The Google Page Experience Update

Google Page Experience

We should all be interested in the impact SEO can have on our business or organization, so it’s important to understand the upcoming Google Page Experience update. Here we break down what it is and how you can prepare for it.

What is the Google Page Experience update?

Google takes more than 200 factors into consideration when deciding where to rank your site in its search results. Google periodically updates their algorithm to take into account changes in search and user behavior, with the aim of delivering the most relevant results for each user’s search.

The primary focus of the Google Page Experience update is to take expected user experience into consideration, i.e. how good of an experience Google anticipates users will have on your site. The better your site’s on-page experience, the better your chance of ranking highly. Google groups a variety of related factors into an umbrella of metrics called Core Web Vitals (more on that in a minute).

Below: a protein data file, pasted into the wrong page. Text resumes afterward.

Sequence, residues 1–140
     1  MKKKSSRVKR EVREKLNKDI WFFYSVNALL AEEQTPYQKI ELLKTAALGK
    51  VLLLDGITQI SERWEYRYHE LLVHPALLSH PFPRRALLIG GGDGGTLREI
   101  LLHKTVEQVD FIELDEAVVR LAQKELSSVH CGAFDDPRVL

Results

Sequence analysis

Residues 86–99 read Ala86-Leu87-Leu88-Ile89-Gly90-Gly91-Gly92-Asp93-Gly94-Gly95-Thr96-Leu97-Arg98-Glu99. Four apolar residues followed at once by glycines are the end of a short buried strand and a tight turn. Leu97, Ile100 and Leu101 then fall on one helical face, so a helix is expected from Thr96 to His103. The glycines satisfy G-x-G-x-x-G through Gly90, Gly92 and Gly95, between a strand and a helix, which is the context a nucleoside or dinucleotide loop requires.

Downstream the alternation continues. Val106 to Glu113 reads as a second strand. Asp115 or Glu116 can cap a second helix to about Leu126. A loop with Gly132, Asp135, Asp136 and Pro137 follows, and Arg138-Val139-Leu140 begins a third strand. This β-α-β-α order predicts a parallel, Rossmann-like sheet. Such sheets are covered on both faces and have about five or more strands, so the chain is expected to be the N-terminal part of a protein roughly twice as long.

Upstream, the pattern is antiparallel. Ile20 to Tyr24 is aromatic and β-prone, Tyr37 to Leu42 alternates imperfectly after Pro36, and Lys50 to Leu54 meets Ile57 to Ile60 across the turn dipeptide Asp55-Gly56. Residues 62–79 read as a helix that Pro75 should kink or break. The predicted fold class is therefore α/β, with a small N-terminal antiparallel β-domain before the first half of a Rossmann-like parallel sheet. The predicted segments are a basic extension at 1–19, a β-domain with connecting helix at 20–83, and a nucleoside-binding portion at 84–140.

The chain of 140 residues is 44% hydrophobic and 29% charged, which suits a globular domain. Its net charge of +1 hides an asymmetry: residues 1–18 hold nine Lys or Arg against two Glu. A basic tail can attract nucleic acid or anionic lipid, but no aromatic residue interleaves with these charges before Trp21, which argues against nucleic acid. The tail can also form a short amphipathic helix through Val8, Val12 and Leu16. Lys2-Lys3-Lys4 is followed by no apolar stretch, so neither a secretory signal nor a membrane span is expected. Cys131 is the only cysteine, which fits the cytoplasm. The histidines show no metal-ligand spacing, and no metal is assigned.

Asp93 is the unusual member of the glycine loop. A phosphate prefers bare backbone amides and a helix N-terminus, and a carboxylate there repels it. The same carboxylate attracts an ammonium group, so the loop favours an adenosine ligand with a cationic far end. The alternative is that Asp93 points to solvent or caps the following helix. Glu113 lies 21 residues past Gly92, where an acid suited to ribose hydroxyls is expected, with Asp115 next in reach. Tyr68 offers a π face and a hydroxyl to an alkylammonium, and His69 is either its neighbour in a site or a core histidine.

When does the Google Page Experience update go into effect?

Google’s algorithm combines multiple sub-signals related to page experience into one larger signal. Some of these sub-signals are already being used as ranking factors, but this update will introduce more. The update will slowly roll out in May 2021. It will then be updated on an annual basis, though fine-tuning can happen throughout the year without notice.

What are Core Web Vitals?

Core Web Vitals include real-world metrics that focus on the user, giving scores on aspects of your pages such as load time, time to interactivity, and the visual stability of content as it loads.

Here are some specifics of these metrics:

Load Time: Largest Contentful Paint (LCP)

LCP measures when the largest content element in the viewport becomes visible. It can be used to determine when the main content of the page has finished rendering on the screen. To provide a good user experience, LCP should occur within 2.5 seconds of when the page first starts loading.


Time to Interactivity: First Input Delay (FID)

FID measures the time from when a user first interacts with your site (e.g. when they click a link, tap on a button, or use a custom JavaScript-powered control) to the time when the browser is actually able to respond to that interaction. To provide a good user experience, pages should have an FID of less than 100 milliseconds.